In relation to whether the sexual aspect could be described as significant the sheriff considered that the sharing of such material on the internet could be said to be “analogous to the sharing of indecent images of children” and that it was nothing to the point that the appellant derived no sexual pleasure from his actings.

It was accepted on behalf of the appellant that the subject matter of the jokes included paedophilia, but it was submitted that the sheriff was wrong to conclude that the appellant’s behaviour had a significant sexual element because the jokes contained sexual references, or if it did it could not be said to be significant.

Whether the sexual element was significant was a question which had to be addressed having regard to the purpose of registration and its effects, as set out in the 2014 case of Hay v HM Advocate.

The behaviour comprised two individuals exchanging messages which were sick jokes copied from other sites on the internet and it was clear from the content that they reflected a “warped sense of humour”, but when the behaviour was examined in the light of the purpose and effects of registration there was “no perceived sexual danger to the public”, as the appellant did not display an underlying sexual disorder or deviance and he derived “no sexual pleasure or satisfaction” from his actions.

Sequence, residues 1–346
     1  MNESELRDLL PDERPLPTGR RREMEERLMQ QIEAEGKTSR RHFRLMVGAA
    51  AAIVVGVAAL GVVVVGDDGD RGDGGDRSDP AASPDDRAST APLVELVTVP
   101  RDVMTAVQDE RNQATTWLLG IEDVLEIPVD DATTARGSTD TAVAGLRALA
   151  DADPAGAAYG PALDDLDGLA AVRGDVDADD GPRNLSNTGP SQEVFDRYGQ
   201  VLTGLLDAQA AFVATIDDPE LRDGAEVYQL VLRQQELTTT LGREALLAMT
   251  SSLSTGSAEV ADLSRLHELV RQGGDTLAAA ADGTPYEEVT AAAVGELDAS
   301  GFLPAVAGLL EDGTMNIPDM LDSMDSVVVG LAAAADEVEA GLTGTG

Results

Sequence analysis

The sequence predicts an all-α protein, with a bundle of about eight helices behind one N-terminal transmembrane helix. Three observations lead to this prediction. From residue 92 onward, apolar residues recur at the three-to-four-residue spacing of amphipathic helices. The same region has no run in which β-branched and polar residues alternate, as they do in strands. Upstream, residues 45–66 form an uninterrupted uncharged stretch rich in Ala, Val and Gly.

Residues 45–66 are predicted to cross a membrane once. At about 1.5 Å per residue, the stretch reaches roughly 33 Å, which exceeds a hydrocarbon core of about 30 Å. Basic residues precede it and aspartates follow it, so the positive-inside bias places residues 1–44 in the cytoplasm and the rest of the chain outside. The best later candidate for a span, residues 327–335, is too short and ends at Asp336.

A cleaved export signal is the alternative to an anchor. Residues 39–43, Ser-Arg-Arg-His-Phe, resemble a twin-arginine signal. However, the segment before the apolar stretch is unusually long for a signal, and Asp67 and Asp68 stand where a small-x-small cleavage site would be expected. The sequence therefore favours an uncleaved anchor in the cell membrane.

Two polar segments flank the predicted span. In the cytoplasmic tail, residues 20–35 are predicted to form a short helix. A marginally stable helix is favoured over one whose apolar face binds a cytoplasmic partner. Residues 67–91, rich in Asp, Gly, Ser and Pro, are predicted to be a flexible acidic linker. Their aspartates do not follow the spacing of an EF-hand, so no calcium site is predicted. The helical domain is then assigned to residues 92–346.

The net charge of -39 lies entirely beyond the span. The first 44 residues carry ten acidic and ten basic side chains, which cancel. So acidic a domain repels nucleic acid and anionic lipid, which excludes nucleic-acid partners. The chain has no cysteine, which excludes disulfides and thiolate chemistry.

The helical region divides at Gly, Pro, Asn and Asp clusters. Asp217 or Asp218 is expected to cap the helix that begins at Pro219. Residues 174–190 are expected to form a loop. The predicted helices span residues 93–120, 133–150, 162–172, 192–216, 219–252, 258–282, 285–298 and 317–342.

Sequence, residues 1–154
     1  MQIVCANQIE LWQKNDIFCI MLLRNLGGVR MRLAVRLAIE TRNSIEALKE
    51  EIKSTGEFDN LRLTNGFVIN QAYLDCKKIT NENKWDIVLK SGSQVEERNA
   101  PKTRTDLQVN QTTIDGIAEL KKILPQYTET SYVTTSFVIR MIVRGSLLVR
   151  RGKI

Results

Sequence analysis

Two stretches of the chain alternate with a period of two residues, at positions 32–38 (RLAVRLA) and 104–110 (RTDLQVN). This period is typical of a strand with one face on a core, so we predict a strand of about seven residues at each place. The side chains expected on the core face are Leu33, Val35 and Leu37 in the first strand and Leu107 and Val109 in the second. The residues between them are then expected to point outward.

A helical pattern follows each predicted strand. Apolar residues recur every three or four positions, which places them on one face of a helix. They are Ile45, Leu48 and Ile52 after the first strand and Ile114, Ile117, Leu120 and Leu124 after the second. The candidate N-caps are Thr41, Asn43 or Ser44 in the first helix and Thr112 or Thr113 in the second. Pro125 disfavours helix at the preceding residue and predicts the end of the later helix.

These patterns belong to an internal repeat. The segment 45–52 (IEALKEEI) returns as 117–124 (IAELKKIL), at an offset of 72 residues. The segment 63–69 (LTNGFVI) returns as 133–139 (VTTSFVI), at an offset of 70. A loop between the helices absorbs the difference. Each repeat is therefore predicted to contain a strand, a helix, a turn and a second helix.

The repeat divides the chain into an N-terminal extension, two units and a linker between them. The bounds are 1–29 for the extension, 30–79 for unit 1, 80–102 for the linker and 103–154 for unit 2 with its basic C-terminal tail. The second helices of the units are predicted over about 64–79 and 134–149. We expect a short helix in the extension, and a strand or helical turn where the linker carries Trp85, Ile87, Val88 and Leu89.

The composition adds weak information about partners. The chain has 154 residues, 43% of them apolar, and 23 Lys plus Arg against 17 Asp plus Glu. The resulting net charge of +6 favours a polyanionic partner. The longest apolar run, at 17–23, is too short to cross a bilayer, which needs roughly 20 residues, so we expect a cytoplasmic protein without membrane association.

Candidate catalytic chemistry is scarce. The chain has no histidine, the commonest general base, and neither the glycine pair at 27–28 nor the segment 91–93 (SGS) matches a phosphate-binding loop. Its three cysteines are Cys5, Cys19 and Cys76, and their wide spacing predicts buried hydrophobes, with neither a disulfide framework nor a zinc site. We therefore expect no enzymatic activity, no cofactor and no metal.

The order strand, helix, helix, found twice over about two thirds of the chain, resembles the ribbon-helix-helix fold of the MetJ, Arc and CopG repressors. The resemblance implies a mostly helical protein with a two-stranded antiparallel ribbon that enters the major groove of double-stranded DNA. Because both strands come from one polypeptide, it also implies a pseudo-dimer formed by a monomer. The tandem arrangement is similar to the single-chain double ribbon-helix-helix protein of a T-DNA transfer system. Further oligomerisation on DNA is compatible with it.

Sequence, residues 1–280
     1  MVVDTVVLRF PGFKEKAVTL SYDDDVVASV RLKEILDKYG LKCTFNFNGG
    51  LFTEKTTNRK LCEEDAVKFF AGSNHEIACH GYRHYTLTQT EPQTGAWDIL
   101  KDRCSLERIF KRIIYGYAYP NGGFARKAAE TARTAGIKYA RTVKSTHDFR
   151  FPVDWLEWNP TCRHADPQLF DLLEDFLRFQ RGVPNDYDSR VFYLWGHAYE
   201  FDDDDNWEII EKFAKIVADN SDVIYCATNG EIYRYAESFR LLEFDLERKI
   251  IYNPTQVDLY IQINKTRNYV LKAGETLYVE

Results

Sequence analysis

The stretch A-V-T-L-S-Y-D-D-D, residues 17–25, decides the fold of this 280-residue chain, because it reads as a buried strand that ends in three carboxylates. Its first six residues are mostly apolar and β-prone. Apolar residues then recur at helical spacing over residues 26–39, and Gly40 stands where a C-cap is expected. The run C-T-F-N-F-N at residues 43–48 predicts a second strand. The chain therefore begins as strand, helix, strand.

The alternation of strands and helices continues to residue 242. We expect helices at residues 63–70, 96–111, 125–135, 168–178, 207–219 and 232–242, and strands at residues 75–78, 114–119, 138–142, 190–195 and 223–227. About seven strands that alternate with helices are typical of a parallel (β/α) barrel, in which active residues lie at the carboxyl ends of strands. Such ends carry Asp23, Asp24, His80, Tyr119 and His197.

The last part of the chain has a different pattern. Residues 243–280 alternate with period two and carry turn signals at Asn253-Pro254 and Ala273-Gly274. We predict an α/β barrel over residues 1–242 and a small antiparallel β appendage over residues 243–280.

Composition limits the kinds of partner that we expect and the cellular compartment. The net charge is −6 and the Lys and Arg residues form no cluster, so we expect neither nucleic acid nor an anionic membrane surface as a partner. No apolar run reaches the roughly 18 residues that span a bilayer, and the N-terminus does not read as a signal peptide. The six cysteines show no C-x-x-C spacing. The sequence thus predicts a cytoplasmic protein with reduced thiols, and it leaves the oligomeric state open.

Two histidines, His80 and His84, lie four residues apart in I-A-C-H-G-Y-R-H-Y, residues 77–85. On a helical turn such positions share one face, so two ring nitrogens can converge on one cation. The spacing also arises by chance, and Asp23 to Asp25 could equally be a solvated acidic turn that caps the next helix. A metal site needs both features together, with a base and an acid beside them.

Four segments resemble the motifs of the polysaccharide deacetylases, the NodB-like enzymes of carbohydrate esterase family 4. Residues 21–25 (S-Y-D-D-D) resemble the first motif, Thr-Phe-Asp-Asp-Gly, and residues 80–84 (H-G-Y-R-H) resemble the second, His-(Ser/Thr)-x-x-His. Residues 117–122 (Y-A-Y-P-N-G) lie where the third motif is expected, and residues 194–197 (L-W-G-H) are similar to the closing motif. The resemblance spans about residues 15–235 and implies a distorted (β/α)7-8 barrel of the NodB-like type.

It was argued that the sheriff was wrong to find the conduct analogous to the sharing of indecent images of children.

The advocate depute agreed with appellant’s submissions, stressing that in the Crown’s submission the comparison with the distribution of indecent images of children was “inappropriate”, as an offence of that type involved specific children and was directed at the sexual gratification of the offender.

The appeal judges were satisfied that the submissions advanced on behalf of the appellant and the Crown were “well founded”.

Delivering the opinion of the court, Lord Bracadale said: “When the appellant’s behaviour is examined in the light of the purpose and effects of registration it cannot be said that the behaviour contained a significant sexual element. In our opinion the sheriff erred in finding that it did.

“As we have already noted, the appellant and the co-accused exchanged sick jokes in the worst possible taste. They were, however, clearly jokes; they reflected the format of jokes. In our view it was not open to the sheriff to conclude that the appellant was a person who constituted a continuing danger to others such that registration was required to protect the public from him.

“If the matter is tested, as is suggested in para of Hay, by considering whether the sexual aspect is important enough to merit attention as indicating an underlying sexual disorder or deviance from which society is entitled to be protected, we consider that the behaviour of the appellant cannot be said to fall into that category.

“For these reasons we allowed the appeal and quashed the order of the sheriff certifying the appellant as being subject to the notification requirements of the 2003 Act.”

© Scottish Legal News Ltd 2020